|Platforms||PC, PS4 (reviewed), XBO|
|Developer||Just Add Water|
|Release Date||June 30, 2017|
Micro Machines World Series is a multiplayer-focused, miniature racing game that tasks players with racing against each other across tracks built on top of everyday household locations. World Series brings the classic Micro Machines combination of difficult top-down racing and oversized real world locations into the modern generation, complete with some new twists to the formula.
It also forgets most of what made Micro Machines a fun time, choosing instead to focus on the wrong parts of the game and leaving a disappointing taste in the mouth. When you jump into your first game everything feels fine – the racing is more or less how you remember it, albeit with Mario Kart-style pickups scattered across the race track. The core gameplay itself feels solid and instantly familiar to anyone who played Micro Machines in the Mega Drive/Playstation heyday.
It’s when you start scratching the surface that problems begin to arise. Single-player feels like a tacked-on afterthought. There is no career mode or championship mode. If you want to play with the AI all you can do is play single races or battles over and over again. You race for a few minutes and then its over. Local multiplayer is the same – it features the same limitations on modes and is limited to only four players.
Playing offline, either with friends or the AI, quickly becomes boring and repetitive. There’s a small amount of fun you can extract from playing World Series this way, but without a point the game barely feels worth playing. The racing itself is fun, but you’ll have tracks memorised after one or two races around it and there aren’t enough obstacles, hazards or dynamic events to keep them feeling fresh or interesting beyond that. Even putting track selection on “random” sees the game select the same track time after time.
Any fun, exciting races you might be able to have will probably be ruined by the ill-advised power-ups you can collect. These NERF branded weapons come in the form of blasters, bombs and hammers that can upend a race fairly quickly. Attacks are incredibly difficult to avoid (and at certain points during specific tracks, it’s actually impossible). Turning these power-ups off exposes an AI that can’t keep up with you in straight races. Not that you can turn them off when you go online. It’s only offline where you can mildly tailor your experience.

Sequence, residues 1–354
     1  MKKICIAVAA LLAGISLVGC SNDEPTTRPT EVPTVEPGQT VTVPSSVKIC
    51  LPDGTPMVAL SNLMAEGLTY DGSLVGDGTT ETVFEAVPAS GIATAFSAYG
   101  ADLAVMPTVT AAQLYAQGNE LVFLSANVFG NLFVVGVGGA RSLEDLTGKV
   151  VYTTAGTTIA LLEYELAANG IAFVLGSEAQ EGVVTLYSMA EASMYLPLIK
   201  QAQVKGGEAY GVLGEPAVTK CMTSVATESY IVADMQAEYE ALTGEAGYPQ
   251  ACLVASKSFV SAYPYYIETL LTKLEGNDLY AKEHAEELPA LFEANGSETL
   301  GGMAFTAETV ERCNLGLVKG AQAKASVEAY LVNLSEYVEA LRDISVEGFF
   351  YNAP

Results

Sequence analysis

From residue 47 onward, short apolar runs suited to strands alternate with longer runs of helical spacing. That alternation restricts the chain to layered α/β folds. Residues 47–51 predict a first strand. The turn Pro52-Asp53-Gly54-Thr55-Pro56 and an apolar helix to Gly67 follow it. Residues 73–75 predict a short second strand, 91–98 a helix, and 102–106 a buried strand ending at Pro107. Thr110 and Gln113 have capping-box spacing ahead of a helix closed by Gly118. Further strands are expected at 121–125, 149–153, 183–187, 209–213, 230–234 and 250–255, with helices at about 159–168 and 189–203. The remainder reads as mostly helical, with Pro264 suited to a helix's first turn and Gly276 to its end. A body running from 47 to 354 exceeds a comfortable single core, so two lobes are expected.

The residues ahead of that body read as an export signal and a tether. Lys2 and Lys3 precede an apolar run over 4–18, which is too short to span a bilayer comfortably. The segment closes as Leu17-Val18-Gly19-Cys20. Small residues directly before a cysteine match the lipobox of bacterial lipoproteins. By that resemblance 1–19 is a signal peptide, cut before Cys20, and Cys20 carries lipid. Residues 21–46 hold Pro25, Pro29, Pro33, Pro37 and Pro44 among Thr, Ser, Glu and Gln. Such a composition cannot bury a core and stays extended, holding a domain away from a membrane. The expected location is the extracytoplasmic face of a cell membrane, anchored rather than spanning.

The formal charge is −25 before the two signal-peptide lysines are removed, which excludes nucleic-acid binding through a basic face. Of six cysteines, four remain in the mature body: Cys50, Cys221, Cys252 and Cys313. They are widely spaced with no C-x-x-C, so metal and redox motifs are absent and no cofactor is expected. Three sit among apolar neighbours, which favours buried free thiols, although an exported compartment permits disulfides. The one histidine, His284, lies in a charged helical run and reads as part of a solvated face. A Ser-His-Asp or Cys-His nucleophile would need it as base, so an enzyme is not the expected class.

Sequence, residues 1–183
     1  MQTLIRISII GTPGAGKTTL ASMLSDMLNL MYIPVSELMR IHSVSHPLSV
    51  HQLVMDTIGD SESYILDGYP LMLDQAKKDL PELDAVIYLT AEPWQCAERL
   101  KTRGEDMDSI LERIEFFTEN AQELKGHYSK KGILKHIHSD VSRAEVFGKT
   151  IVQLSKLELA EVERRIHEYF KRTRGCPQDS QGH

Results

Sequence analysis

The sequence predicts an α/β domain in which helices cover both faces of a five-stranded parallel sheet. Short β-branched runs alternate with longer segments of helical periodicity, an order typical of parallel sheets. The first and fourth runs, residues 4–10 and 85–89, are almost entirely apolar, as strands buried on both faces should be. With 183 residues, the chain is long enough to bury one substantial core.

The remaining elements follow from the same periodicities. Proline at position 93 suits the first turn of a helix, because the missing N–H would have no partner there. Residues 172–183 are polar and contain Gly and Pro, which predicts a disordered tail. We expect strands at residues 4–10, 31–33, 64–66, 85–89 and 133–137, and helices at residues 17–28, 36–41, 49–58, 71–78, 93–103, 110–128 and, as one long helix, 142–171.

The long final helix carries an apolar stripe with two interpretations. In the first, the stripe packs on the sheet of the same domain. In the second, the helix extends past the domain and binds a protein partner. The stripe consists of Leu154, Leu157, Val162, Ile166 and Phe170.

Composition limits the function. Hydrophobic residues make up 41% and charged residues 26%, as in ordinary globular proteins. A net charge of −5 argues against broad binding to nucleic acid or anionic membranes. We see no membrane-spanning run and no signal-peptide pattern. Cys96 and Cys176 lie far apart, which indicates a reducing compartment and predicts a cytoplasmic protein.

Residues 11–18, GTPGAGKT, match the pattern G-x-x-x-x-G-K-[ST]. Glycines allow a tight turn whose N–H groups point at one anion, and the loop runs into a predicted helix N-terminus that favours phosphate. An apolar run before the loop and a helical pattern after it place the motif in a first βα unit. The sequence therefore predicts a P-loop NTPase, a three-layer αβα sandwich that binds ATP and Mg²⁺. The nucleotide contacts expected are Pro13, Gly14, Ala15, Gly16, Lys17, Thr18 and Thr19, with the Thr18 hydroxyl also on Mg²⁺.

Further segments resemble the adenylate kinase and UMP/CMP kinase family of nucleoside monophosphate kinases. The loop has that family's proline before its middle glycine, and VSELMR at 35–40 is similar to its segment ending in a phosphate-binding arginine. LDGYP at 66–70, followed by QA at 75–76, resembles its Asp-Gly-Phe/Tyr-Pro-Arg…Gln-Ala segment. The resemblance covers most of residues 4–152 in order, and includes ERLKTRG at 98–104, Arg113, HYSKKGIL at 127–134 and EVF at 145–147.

It’s when you go online that you find out where the true focus of World Series lies – its battle mode. Racing, which used to be the core part of the Micro Machines series, is the secondary concern here. Battle Mode is clearly what Codemasters want you to be playing. For starters, there are more battle arenas than there are race tracks. It’s also in Battle Mode where the different vehicles you can select actually make a difference beyond a few voice lines spoken at random times.
Battle Mode throws players into arena combat. The controls are the same but instead of racing each other you’ll be trying to destroy your opponents in themed levels with various hazards to avoid as you do so. In battle mode the twelve vehicles you can select from all have different weapons, abilities and even chargeable ultimate attacks. They all handle exactly the same way, which is strange considering they range from sports cars to fire trucks to hovercraft.
The biggest problem Battle Mode has is that it’s not all that fun to actually play. The handling in Micro Machines has always been frustrating. Hell, that’s part of the game’s charm. While you’re racing across pool tables or through kitchens its the iffy, hard to control driving that is part of the fun. In Battle Mode it’s a nightmare trying to point yourself in the vague direction of an opponent, one that jettisons the charm of the franchise in favour of outright frustration.
This all combines to give the feeling that World Series is a half-finished game. It’s like the developers spent ages crafting a Battle Mode, stocking it with true differences between the vehicles and a wide array of arenas. But then they ran out of time before they could actually fully implement the rest of the game. And unfortunately the rest of the game is where the fun of Micro Machines should be.
Single-player, local multiplayer, Elimination and racing modes are where the focus of a great Micro Machines game would normally be. Instead World Series is all about its arena battles. Mechanically the game is closer to a poorly implemented Micro Machines version of Overwatch – battles hinge on completing objectives, managing cooldown timers on abilities and successfully deploying ultimate abilities. There are even loot boxes containing cosmetic customisation items (that are only viewable online).
Micro Machines World Series sees the franchise attempt to make the move into the competitive online multiplayer scene. But rather than do so by leveraging its strengths and the gameplay modes series fans enjoy playing, Codemasters have focused on a dull game mode that feels out of place with the rest of the franchise. This focus also has a detrimental effect on the rest of the content, making the game doubly dissatisfying for anyone who just wanted a new Micro Machines game.
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